After State of Grace (1990), Harris was back on the small screen with two television movies. He was first cast as an attorney employed to protect a racist in the Showtime Paris Trout (1991). He then costarred with Diane Keaton in the HBO politically-themed, comedy/drama Running Mates (1992). Harris followed that up with more complex, and even alarming, portrayals, in the films Glengarry Glen Ross (1992), The Firm (1993) and Just Cause (1995, played an uncanny serial killer). 1994 saw the actor return to his theatrical roots by costarring with Beverly D’Angelo and Marcia Gay Harden in the Off-Broadway staging of Sam Shepard’s “Simpatico.”
In 1995, Harris turned the heads of critics when director Ron Howard cast him in the supporting role of Gene Kranz, a NASA mission control flight director, in the ensemble Apollo 13 (1995), which starred Tom Hanks. Because of his virtuoso acting, Harris was handed a Southeastern Film Critics Association award, an Actor Award and a Broadcast Film Critics Association for Best Supporting Actor. He also picked up another Actor Award in the category of Outstanding Ensemble Performance in a Motion Picture. The role also brought Harris his first Oscar nomination.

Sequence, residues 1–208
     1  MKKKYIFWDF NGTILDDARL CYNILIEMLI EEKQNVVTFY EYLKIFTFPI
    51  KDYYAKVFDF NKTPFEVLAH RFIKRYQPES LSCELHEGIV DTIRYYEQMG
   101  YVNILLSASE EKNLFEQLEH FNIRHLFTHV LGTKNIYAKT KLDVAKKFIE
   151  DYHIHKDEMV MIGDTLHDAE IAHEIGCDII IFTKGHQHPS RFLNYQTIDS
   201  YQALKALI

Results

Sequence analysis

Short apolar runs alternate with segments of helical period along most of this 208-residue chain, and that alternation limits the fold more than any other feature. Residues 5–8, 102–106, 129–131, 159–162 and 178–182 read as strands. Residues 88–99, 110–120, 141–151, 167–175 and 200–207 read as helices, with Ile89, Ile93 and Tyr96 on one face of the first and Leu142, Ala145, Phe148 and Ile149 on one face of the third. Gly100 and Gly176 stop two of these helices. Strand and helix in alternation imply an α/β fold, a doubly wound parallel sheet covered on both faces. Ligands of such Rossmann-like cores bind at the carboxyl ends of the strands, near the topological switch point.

Nixon (1995), Eye for an Eye (1996), Riders of the Purple Sage (1996, TV), The Rock (1996) and Absolute Power (1997) followed before the actor was garnered a second Best Supporting Actor nomination with the Academy Awards for his notable turn as the God-like Christof in the comedy The Truman Show (1998), starring popular comedian Jim Carrey. The critical acclaimed performance also won Harris such awards as a Golden Globe, a National Board of Review and a Southeastern Film Critics Association, as well as a BAFTA nomination. He then costarred opposite Julia Roberts and Susan Sarandon in Stepmom (1998), and ended the decade with The Third Miracle (1999), playing Frank Shore, a disappointed priest sent to investigate claims of miracles performed by a woman.